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Thursday, 27 June, 2002, 13:26 GMT 14:26 UK
Nepal journalist 'tortured to death'
Maoist meeting
Mr Sen was accused of supporting the Maoists
A human rights group has called on the Nepalese Government to investigate the case of a journalist who reportedly died under torture by the security forces.


We ask you to order the security forces to cease their acts of torture

Reporters Without Borders
Reporters Without Borders (Reporters sans Frontières) says that Krishna Sen, editor of the pro-Maoist newspaper Janadisha, died last week after being taken into detention in May.

RSF said Mr Sen had been tortured to force him to confess to contacts with rebel leaders and that his body was handed over to his family for cremation.

There has been no firm reaction from the government to Mr Sen's death nor to the anger his death appears to have generated.

Maoist rebels have been fighting to overthrow Nepal's monarchy for the past six years.

Maoist support

In a letter to the Nepalese Prime Minster Sher Bahadur Deuba, RSF General Secretary Robert Ménard says the organisation was very shocked by reports of Mr Sen's death.

Nepal's Prime Minister
The appeal was sent to Prime Minister Deuba

"The death of a journalist under torture, even if the latter supported the Maoist movement, can in no way be justified by antiterrorist war", he says.

The BBC's Daniel Lak in Kathmandu says the case has brought about rare unity among Nepal's various journalists' groups and newspapers.

He says even journalists traditionally close to the government are demanding to know what happened to this veteran pro-Maoist editor, and how he died.

The Federation of Nepalese Journalists has already called on the government to give information about Mr Sen.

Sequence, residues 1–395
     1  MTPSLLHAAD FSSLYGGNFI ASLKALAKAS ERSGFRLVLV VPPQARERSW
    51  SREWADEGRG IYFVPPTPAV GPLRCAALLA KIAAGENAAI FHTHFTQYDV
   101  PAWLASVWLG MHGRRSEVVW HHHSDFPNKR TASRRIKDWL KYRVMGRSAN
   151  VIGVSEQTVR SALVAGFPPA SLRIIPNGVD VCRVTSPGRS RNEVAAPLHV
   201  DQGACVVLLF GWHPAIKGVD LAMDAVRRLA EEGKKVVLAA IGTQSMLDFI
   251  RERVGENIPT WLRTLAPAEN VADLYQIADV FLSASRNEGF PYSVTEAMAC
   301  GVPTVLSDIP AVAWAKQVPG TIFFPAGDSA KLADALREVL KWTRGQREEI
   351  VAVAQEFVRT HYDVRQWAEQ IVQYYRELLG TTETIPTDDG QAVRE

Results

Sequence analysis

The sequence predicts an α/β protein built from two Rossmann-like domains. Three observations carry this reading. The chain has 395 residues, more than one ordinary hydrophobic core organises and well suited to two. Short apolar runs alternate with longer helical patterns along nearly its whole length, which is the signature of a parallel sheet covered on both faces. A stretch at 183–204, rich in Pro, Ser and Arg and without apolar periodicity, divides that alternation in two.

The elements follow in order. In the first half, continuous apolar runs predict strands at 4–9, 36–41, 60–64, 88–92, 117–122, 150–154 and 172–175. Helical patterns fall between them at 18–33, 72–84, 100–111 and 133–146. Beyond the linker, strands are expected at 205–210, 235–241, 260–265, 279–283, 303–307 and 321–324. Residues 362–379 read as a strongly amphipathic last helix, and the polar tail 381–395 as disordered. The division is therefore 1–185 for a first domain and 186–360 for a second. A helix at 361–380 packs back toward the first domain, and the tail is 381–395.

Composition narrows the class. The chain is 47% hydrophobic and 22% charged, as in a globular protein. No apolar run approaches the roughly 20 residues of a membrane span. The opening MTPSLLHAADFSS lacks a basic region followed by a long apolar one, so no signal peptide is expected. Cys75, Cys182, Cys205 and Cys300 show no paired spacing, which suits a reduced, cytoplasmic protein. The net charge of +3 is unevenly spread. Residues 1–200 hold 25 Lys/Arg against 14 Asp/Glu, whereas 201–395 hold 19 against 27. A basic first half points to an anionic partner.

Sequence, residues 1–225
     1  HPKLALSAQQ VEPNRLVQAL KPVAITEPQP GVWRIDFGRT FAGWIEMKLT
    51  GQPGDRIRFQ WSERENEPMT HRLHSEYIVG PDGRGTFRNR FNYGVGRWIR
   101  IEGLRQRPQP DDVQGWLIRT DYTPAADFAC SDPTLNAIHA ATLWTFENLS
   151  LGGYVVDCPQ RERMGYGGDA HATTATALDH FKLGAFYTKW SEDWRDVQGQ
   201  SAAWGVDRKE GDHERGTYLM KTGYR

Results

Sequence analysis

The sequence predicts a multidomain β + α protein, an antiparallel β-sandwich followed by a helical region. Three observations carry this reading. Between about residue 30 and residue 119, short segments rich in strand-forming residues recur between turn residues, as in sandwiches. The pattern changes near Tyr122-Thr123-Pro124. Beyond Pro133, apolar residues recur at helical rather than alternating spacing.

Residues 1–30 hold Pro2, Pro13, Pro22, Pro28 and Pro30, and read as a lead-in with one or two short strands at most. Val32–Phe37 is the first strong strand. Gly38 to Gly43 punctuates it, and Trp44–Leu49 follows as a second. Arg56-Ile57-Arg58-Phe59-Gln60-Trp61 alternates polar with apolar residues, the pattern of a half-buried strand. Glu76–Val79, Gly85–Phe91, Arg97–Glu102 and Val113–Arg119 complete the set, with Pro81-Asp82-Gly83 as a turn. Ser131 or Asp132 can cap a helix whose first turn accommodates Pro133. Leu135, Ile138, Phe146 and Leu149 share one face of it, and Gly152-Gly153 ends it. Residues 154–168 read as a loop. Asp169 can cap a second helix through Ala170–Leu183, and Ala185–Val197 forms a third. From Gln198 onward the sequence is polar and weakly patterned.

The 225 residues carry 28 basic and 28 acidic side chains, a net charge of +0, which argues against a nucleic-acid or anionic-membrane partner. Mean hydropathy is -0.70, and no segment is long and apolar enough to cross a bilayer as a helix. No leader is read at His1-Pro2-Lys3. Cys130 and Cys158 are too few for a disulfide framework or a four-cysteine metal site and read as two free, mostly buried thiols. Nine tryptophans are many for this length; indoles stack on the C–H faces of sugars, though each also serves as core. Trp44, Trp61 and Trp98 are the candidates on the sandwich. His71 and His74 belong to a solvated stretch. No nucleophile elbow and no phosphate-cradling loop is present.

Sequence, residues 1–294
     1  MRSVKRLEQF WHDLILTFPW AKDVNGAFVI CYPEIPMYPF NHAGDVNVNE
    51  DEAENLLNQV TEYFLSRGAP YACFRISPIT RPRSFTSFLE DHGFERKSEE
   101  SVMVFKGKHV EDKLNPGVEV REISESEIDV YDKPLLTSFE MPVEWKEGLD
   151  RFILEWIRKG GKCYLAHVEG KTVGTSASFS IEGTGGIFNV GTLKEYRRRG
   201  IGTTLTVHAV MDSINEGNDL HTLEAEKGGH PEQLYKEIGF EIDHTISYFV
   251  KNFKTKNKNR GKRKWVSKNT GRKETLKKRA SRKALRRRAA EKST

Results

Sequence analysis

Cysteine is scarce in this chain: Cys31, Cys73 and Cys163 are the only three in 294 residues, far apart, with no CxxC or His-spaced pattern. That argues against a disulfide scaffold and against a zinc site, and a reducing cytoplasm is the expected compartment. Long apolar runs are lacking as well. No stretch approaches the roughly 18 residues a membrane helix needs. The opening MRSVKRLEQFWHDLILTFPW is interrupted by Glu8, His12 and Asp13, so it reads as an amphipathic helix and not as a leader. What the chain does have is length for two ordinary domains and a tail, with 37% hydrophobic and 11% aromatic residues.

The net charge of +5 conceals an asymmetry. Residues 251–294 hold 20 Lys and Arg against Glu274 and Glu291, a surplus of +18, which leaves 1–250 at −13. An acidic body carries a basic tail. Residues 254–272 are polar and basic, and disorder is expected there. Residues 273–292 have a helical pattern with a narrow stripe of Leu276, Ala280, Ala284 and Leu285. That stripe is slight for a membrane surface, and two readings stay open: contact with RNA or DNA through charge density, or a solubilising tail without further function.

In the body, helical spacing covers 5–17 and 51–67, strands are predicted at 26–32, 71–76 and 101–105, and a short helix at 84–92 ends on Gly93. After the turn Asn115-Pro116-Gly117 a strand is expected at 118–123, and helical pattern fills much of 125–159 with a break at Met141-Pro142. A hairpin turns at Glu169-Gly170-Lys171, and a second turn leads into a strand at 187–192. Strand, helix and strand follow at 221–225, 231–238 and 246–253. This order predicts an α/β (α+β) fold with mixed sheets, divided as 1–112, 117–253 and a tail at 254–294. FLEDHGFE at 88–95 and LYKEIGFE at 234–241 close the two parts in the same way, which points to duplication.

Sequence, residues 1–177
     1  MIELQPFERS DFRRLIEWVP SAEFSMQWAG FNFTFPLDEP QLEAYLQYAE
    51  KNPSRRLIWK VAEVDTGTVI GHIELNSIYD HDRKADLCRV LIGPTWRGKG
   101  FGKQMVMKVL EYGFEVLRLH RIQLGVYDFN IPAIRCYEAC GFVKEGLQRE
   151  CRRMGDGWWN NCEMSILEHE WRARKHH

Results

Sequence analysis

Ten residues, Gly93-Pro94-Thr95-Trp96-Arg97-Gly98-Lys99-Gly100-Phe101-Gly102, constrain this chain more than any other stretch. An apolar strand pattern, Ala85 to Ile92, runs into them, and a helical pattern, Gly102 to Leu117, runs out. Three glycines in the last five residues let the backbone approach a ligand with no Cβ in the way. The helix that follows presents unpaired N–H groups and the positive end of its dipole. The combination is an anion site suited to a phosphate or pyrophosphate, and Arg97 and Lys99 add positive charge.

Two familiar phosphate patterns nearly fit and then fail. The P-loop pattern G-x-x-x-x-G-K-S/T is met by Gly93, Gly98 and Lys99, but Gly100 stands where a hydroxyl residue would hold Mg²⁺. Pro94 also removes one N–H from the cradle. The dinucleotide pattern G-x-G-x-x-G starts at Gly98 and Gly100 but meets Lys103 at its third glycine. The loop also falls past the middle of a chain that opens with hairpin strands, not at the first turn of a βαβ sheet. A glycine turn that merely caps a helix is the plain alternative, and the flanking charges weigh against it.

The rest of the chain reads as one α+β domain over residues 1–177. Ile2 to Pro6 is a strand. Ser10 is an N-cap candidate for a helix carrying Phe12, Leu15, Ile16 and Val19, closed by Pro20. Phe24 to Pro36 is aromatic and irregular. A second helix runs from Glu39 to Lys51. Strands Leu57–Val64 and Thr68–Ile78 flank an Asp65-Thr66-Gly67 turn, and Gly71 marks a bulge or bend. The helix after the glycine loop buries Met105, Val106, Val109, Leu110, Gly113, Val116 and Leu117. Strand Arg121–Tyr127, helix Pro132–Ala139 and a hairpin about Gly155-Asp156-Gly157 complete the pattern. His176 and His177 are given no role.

The federation's chairman, Bishnu Nisthuri, said government officials had been avoiding them.

Krishna Sen was released from two years' detention in March last year.

The authorities jailed him on charges of having published an interview with the leader of the rebel movement, Baburam Bhattarai.

Rights concerns

The human rights group Amnesty International has voiced concern that Nepal is facing a human rights crisis because of the escalating conflict between the government and the rebels.

In a report issued in April, it said both sides engaged in abductions, torture and unlawful killing.

The situation has become particularly bad after a state of emergency was imposed in November, restricting freedom of expression.

Some 4,000 people are believed to have been killed in the insurgency since it began.

Background to Nepal's Maoist war

Analysis

Eyewitness

Background:

BBC NEPALI SERVICE
See also:

19 Jun 02 | South Asia
19 Jun 02 | South Asia
14 Jun 02 | South Asia
27 May 02 | South Asia
23 Apr 02 | Country profiles
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